In casting a suspicious eye on the French priest, Dr. Stephen Jay Gould, the writer and paleontologist at Harvard, has cited several slips Dr. Teilhard made years later in correspondence reconstructing the facts and timing of his relationship with Mr. Dawson and the Piltdown Man. Louis Leakey, the Kenyan paleontologist, also suspected Dr. Teilhard and reported a conversation in which the priest Is supposed to have said, "I know who did the Piltdown hoax and it was not Charles Dawson." He gave a little smile and said no more.
Add to the cast of suspects the name of Sir Arthur Conan Doyle, creator of Sherlock Holmes. In 1983 John H. Winslow, an American archeologist, pointed the finger, noting that Doyle lived near Piltdown, knew Mr. Dawson and had a keen interest in fossils. But he had no apparent motive. The case against Doyle, Dr. Spencer said, is "grounded almost entirely on supposition." It reveals how desperate the sleuths had become to settle blame on someone, anyone.
No one seemed to give much thought to Sir Arthur Keith. In 1912, he was a rising star in science as an anatomist and conservator of the Hunterian Museum of the Royal College of Surgeons. He was prominent socially, ambitious and willing to take risks. At a time of theoretical flux in paleoanthropology, he was the champion of the concept that modern humans evolved earlier than had been supposed and the first manifestation was the enlarged brain.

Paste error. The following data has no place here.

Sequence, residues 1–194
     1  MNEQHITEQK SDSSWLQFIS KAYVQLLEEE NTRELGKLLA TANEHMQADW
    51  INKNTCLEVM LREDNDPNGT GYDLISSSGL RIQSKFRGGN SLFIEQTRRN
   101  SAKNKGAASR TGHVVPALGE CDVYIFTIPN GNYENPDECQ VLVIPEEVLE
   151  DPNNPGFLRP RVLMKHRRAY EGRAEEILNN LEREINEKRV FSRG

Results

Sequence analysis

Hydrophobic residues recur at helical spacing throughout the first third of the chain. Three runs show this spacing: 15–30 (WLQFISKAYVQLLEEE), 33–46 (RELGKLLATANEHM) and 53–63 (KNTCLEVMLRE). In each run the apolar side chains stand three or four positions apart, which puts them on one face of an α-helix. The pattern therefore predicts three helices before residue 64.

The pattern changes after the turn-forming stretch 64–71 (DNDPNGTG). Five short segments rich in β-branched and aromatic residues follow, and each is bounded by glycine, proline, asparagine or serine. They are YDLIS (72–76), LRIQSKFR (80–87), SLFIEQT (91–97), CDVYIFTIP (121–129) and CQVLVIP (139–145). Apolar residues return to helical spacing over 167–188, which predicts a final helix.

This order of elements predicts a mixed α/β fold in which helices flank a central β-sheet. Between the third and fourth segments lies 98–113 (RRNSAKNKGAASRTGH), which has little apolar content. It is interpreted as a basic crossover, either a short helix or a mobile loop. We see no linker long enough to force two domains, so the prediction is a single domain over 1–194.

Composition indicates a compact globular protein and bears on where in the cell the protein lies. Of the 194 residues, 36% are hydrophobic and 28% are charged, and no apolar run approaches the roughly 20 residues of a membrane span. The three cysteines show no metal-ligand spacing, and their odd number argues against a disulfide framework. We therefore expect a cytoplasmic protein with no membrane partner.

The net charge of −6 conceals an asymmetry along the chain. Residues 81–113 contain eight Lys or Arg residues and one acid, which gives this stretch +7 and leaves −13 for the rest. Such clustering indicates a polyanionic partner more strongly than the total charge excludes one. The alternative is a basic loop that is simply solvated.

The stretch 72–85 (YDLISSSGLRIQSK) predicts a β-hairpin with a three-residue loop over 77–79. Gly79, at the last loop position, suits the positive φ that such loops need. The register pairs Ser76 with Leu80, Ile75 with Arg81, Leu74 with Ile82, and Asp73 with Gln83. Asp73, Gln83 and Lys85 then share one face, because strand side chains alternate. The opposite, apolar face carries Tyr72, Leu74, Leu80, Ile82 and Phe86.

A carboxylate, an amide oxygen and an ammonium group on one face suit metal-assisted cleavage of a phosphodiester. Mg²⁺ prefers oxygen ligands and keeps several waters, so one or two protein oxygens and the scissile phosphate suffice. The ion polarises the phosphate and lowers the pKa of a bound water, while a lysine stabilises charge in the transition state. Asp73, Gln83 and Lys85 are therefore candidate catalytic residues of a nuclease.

In this way of thinking, there was no room in the human lineage for the Neanderthals of Europe or the Java Man, found just before the turn of the century and later determined to be a specimen of a direct human ancestor. There was room. however, for a "missing link" with a modern-sized brain combined with a simian jaw, something like the Piltdown Man. What scientist had the most to gain from the Piltdown discovery, and did secure greater fame? The answer Dr. Spencer said, is Dr. Keith.